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21 [Vol. ii. cap, 28, p. 143.]

22 [1 John iv. 8. The Divine Triad "is Love."]

23 Subductis et consummatis.

24 [The bees, according to Virgil, Georg. iv. 199.]

25 [Vol. ii. p. 179. It is interesting to observe the influence of Justin and Clement on the reasoning of the later Fathers, not excepting St. Augustine.]

26 Debellatricem.

27 [See vol. v. p. 43, and note, p. 46, this series.]

28 [Nat. Deor., iii. 36. De Maistre, Soirèes, i. p. 30, and note, p 63.]

29 [Compare the remorseless satire of Arnobius, vol. vi. p. 498.]

30 Zeu\j or Zh=n. [Quad sit auctor vitae. Delphin note.]

31 [On the Poets, vol. i. cap. 2, p, 273.]

32 Eo, i.e., to those.

33 Juvando. [Nat. Deor., iii. 25, 26.]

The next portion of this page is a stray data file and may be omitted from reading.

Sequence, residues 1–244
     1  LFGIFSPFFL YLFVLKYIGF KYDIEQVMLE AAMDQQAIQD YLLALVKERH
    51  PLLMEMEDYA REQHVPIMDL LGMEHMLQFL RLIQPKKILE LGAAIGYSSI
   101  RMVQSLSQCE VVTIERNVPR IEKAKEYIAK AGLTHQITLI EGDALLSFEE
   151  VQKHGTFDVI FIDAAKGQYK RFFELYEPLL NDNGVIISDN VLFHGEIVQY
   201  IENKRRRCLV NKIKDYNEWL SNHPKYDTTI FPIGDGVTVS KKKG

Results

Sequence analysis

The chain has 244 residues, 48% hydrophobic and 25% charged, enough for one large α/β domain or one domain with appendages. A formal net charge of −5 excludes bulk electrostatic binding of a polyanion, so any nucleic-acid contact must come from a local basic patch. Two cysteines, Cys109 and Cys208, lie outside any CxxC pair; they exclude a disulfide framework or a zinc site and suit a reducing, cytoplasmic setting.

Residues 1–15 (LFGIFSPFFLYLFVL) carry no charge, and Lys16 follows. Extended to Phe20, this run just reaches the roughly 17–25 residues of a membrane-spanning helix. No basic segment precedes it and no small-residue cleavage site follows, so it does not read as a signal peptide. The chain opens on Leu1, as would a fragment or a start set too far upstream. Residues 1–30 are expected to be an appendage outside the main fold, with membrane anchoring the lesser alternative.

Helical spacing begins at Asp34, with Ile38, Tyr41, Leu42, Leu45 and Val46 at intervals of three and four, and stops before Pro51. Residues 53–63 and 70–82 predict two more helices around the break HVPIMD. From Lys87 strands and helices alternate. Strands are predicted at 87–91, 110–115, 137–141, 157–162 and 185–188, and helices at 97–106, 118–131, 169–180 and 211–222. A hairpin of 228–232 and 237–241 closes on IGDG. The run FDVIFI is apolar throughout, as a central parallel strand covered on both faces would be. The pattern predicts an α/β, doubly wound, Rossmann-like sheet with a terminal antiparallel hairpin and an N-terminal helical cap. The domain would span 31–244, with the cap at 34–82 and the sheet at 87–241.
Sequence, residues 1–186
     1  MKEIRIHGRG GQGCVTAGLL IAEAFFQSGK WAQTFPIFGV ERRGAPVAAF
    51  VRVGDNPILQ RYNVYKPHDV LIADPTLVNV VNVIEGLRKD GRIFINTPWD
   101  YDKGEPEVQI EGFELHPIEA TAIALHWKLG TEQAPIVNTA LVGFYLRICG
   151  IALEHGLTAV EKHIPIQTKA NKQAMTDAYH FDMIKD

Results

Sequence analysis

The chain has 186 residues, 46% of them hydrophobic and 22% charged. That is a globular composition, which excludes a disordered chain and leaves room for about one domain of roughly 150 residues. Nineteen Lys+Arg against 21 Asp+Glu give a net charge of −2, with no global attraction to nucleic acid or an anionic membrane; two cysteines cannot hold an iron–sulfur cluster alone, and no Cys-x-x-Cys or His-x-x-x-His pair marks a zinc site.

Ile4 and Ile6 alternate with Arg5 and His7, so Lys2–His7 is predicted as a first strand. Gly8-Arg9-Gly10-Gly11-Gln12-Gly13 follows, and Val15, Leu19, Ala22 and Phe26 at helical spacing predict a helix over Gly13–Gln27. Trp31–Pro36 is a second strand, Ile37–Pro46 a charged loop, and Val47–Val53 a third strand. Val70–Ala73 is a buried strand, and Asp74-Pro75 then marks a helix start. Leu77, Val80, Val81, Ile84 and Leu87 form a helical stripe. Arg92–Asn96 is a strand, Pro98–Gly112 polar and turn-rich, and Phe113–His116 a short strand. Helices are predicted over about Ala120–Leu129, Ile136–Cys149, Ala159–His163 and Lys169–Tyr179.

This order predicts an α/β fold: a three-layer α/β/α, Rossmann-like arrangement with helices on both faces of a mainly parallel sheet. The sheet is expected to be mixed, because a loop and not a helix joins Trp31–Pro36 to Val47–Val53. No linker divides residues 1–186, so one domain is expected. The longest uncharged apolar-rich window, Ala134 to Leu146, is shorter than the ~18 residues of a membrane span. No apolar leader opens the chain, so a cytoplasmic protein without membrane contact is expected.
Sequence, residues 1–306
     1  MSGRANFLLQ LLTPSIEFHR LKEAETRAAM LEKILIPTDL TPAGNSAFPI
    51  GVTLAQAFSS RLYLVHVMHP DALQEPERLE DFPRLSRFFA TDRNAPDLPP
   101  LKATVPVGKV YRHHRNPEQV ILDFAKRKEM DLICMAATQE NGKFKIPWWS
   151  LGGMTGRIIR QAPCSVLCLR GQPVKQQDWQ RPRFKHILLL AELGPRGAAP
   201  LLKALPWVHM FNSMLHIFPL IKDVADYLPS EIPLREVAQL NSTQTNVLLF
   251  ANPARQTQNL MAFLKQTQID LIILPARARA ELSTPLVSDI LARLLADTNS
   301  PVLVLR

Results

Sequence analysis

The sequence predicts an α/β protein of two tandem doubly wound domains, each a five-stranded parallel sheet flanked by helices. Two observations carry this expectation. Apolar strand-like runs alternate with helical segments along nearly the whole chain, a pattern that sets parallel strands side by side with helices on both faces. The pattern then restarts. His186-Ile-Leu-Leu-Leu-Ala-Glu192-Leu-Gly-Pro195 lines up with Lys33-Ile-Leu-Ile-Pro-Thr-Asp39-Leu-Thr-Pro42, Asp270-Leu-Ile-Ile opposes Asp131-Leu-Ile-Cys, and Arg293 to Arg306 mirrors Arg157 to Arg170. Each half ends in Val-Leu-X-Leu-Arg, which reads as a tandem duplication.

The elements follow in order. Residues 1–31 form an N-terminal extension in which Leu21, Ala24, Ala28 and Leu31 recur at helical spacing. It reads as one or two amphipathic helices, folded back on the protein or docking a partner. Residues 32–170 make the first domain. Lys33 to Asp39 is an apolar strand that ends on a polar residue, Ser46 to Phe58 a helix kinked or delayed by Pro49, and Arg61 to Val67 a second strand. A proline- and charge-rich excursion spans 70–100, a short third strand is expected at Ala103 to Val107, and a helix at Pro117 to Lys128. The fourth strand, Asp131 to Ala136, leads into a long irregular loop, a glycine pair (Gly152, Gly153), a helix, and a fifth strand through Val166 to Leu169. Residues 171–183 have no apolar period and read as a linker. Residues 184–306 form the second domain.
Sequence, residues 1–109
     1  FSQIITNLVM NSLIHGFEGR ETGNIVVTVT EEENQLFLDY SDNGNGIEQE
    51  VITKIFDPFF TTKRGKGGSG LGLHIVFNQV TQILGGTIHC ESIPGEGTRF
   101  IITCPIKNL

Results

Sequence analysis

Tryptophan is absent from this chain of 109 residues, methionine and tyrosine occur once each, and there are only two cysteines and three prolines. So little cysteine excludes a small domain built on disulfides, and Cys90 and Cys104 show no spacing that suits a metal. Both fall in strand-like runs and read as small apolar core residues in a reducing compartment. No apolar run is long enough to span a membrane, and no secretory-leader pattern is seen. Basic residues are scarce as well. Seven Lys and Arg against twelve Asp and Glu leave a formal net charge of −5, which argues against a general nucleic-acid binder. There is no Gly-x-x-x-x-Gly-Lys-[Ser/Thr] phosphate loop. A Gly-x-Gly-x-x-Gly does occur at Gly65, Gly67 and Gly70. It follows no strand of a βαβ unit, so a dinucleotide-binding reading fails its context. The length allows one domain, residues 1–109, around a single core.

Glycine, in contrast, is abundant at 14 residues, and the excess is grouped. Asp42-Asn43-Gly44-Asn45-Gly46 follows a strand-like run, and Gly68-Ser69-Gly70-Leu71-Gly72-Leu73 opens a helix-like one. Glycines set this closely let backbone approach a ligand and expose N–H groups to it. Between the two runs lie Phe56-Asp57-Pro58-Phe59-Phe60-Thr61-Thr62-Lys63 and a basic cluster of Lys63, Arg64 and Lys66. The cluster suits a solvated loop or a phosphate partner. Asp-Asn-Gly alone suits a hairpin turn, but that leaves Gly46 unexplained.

34 Aetate pessum acta. [See plural Joves, Nat. Deor., iii. 16.]

35 Commutavit; others read consummavit, "he completed."

36 [Condensed from cap. xxii. See vol. iv. p. 186, this series.]

37 Aether. [Tayler Lewis, Plato cont. Ath., pp. 126-129.]

38 Aether. [Tayler Lewis, Plato cont. Ath., pp. 126-129.]

39 Euhemerus was a Sicilian author of the age of Alexander the Great. He wrote a sacred history containing an account of the several gods who were worshipped in Greece, whom he represents as having originally been men who had distinguished themselves by their exploits, or benefits conferred upon men, and who were therefore, after their death, worshipped as gods. The Christian writers frequently refer to Euhemerus as helping them to prove that the pagan mythology consisted only of fables invented by men. See Dictionary of Greek and Roman Biography.

40 vi. 291. [Tayler Lewis (ut supra), note xii. p. 119.]

41 De Nat. deor., ii. 64.

42 Virg., Aeneid, viii. 321.

43 Georg., ii. 538.

44 Aeneid, viii. 324.

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